The Soweto Performing Arts Centre (SPAC) is a pre-eminent and vibrant community-based institution dedicated to the development and advancement of the performing and visual arts in historically under-resourced communities. In Focus spoke to Basil Dube, CEO of SPAC, about the organisation, its formation, aims and activities.

"Essentially, we aim to provide professional training and development to young and talented people in the fields of theatre, dance, music, screenwriting, filmmaking and arts management; to create job opportunities through training and production as well as to promote Soweto as a world heritage centre and home of performing arts," explains Dube.

SPAC is currently conducting information workshops in various regions of the Gauteng province. "The main aim of these workshops is to create awareness about the centre and to promote its courses and programmes. We will also be launching a production house this year (2010) as an initiative to sustain our programmes and the centre. The production house, which will be headed by Mbongeni Ngema and myself, will produce a series of musicals and film projects. We will also be recording artists from Soweto as part of promoting the centre."

Dube is positive about the local film industry: "The industry is experiencing positive growth and development, despite the current economic and political challenges. It is imperative for the new SABC board to start engaging and reviewing its relationship between television producers. Issues of intellectual property (IP) and transformation should be top of their agenda. A vibrant and viable industry can only thrive through collective participation of stakeholders."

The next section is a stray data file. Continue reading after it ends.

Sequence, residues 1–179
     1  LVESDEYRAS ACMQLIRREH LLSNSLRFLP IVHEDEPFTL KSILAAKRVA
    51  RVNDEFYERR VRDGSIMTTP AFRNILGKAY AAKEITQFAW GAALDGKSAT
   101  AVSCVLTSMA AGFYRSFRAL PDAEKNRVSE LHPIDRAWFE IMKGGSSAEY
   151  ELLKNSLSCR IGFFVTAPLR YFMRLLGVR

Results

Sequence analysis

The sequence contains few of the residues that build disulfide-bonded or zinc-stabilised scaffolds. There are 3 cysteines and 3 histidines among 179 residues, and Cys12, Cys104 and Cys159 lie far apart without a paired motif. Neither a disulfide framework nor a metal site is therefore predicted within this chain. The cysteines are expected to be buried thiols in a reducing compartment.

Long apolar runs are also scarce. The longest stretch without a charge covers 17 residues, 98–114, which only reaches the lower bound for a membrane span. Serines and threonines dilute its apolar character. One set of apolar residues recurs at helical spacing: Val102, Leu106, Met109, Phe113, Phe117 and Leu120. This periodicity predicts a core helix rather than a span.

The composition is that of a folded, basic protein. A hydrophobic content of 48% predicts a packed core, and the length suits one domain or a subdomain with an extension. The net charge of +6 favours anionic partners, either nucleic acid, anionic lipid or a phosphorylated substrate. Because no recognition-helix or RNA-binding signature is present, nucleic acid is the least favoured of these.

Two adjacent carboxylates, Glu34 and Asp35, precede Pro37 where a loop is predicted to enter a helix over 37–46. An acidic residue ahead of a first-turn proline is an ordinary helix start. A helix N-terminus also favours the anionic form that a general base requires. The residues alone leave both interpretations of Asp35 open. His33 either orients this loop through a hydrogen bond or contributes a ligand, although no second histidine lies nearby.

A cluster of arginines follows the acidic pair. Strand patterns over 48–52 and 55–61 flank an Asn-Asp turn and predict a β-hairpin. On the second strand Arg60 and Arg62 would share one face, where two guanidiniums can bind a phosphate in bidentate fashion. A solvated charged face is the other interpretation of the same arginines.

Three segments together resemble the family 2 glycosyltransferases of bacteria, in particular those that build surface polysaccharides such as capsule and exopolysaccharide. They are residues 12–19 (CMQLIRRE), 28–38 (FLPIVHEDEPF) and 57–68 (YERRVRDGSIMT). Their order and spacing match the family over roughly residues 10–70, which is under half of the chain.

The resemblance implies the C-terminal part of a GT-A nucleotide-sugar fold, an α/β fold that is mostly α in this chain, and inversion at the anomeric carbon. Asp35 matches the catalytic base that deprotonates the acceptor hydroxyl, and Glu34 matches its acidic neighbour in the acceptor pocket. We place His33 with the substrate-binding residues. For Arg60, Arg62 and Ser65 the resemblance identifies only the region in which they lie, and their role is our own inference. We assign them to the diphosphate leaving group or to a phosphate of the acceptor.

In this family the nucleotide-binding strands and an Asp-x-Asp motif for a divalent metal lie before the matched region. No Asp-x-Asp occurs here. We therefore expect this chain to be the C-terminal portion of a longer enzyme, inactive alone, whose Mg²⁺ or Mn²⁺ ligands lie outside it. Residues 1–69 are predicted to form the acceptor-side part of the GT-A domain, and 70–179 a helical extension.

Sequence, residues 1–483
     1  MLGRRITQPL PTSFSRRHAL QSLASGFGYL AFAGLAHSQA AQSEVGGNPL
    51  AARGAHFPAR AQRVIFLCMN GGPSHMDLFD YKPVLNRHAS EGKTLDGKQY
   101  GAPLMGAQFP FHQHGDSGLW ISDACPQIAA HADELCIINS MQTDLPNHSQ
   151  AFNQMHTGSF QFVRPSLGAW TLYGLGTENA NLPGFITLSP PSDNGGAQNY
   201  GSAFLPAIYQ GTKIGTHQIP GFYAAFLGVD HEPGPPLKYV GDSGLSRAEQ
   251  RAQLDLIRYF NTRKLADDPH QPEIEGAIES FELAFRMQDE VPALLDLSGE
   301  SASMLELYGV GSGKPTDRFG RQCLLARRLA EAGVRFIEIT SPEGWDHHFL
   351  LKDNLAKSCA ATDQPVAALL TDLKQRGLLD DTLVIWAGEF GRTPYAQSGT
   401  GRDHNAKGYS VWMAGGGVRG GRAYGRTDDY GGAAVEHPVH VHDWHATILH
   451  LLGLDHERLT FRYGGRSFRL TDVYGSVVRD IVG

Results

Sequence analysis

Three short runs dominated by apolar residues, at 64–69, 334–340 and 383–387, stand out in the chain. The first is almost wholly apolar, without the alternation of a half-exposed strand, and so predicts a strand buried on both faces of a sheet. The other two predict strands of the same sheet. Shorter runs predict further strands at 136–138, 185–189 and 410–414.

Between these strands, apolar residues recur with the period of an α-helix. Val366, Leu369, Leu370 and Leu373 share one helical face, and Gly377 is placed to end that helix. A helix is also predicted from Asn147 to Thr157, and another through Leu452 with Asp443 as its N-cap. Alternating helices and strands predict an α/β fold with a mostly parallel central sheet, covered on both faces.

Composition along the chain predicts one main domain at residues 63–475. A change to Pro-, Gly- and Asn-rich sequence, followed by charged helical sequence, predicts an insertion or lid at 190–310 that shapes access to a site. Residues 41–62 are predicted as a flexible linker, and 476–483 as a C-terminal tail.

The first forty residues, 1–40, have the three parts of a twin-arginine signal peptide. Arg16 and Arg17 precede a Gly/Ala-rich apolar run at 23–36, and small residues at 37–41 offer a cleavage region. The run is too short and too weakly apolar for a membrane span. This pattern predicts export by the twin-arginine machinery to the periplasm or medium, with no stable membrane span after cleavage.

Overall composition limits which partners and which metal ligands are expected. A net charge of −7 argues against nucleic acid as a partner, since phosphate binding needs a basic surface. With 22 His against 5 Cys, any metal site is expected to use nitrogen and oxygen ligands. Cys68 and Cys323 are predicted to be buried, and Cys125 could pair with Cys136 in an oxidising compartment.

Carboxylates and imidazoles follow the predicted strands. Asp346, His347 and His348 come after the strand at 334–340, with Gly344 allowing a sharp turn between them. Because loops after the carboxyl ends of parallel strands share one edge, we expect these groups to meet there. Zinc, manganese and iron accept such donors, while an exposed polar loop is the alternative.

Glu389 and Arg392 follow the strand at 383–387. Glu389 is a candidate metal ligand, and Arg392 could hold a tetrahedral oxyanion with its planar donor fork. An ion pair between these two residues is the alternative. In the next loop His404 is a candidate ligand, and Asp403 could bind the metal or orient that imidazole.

One of SPAC's more ambitious goals is to propose a film hub. "As FIFA is in the process of setting up its International Media Centre in NASREC, near Soweto (a facility that will be donated to the City of Johannesburg after the World Cup), we have submitted a proposal to the City for the development of a Film Studio and Academy. This will be the first step towards establishing NASREC as South Africa's premier Film City. We will be submitting our proposal to SAFA and FIFA in the next few weeks," says Dube.

On the formation of SPAC, he explains that it started as a screenwriting training project in 2006. "Between 2006 and 2008, I had recruited about 300 aspirant film and television writers who were then trained by Duma Ka Ndlovu, director and producer of Muvhango. The project was based at the University of Johannesburg - Soweto campus. I later recruited internationally acclaimed playwright and director, Selaelo Maredi, to join Duma as facilitators."

Dube continues: "When I met Mbongeni Ngema in 2009, there were a lot of young people from Soweto who were interested in the performing arts. We then decided to transform the writers' project into a centre for performing arts and launched it in November 2009. Although based in Soweto, the centre will accommodate students from all six regions of Gauteng. Our future plan is to launch a bursary fund to support learners.

"Partners of SPAC are the National School of the Arts, Committed Artists and The Soweto Events and Festivals Consortium (SEFCON). We are very positive about the future and believe we have the talent to showcase our best to the world," concludes Dube.